In 2003, 14-year-old Evan James Miller and a friend were drinking forties with a much older neighbor at their trailer park in rural Alabama when a fight broke out. Miller was later convicted of beating the neighbor until he was immobile and setting his trailer on fire to cover up the beating. The neighbor eventually died of smoke inhalation.
A few years earlier, in 1999, 14-year-old Kuntrell Jackson agreed to rob a video store with a couple of older friends. The robbery went south and one of the other boys shot the clerk. Jackson was given life in prison without the possibility of parole for his part in the crime.
On Monday, the Supreme Court agreed to hear the cases of these two young boys whose lawyers say that because of their young ages, their sentences amount to cruel and unusual punishment and therefore violates the 8th amendment.
This court has given young criminals special consideration in the past. In 2005 they nixed the death penalty for minors who commit murder, and in 2010 they refused life in prison without parole for minors who are convicted of serious but non-homicidal crimes. Lawyers in the two cases will rely heavily on those rulings, saying they show precedent for leniency for younger defendants.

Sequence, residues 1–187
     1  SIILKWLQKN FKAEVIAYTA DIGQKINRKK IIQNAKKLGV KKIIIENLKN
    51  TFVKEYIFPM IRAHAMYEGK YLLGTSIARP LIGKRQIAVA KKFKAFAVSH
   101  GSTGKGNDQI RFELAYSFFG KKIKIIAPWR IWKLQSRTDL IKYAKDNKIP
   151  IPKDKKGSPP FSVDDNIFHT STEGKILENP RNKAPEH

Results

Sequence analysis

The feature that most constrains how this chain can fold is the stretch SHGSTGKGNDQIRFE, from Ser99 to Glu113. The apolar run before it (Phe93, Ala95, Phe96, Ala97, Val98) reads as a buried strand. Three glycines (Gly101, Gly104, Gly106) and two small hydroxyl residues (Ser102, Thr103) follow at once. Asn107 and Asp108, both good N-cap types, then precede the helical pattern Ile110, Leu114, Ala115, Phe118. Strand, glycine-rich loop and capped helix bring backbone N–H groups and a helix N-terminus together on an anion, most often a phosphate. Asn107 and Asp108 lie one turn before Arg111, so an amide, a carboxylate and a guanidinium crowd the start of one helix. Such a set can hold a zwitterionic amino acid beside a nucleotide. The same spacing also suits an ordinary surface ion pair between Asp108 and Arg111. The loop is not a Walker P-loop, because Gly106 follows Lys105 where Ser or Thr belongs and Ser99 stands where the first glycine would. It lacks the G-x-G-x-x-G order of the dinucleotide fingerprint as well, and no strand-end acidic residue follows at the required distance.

We will also speak with David Savage of the Los Angeles Times about today's oral arguments in the case about police use of GPS technology to track criminal suspects without a warrant.
Is there a trend moving toward greater leniency for sentencing minors? Does a life without parole sentence for teenagers amount to cruel and unusual punishment? Some experts say the brain development of young convicts needs to be taken into account in sentencing. Does the science show that young men such as Miller and Jackson can and will change?
David Savage, covers the Supreme Court for the Los Angeles Times
Barry Krisberg, research and policy director of the Earl Warren Institute at University of California Berkeley Law School; lecturer in residence at UC Berkeley Law School
John Eastman, professor at Chapman University School of Law; founding director of the Center for Constitutional Jurisprudence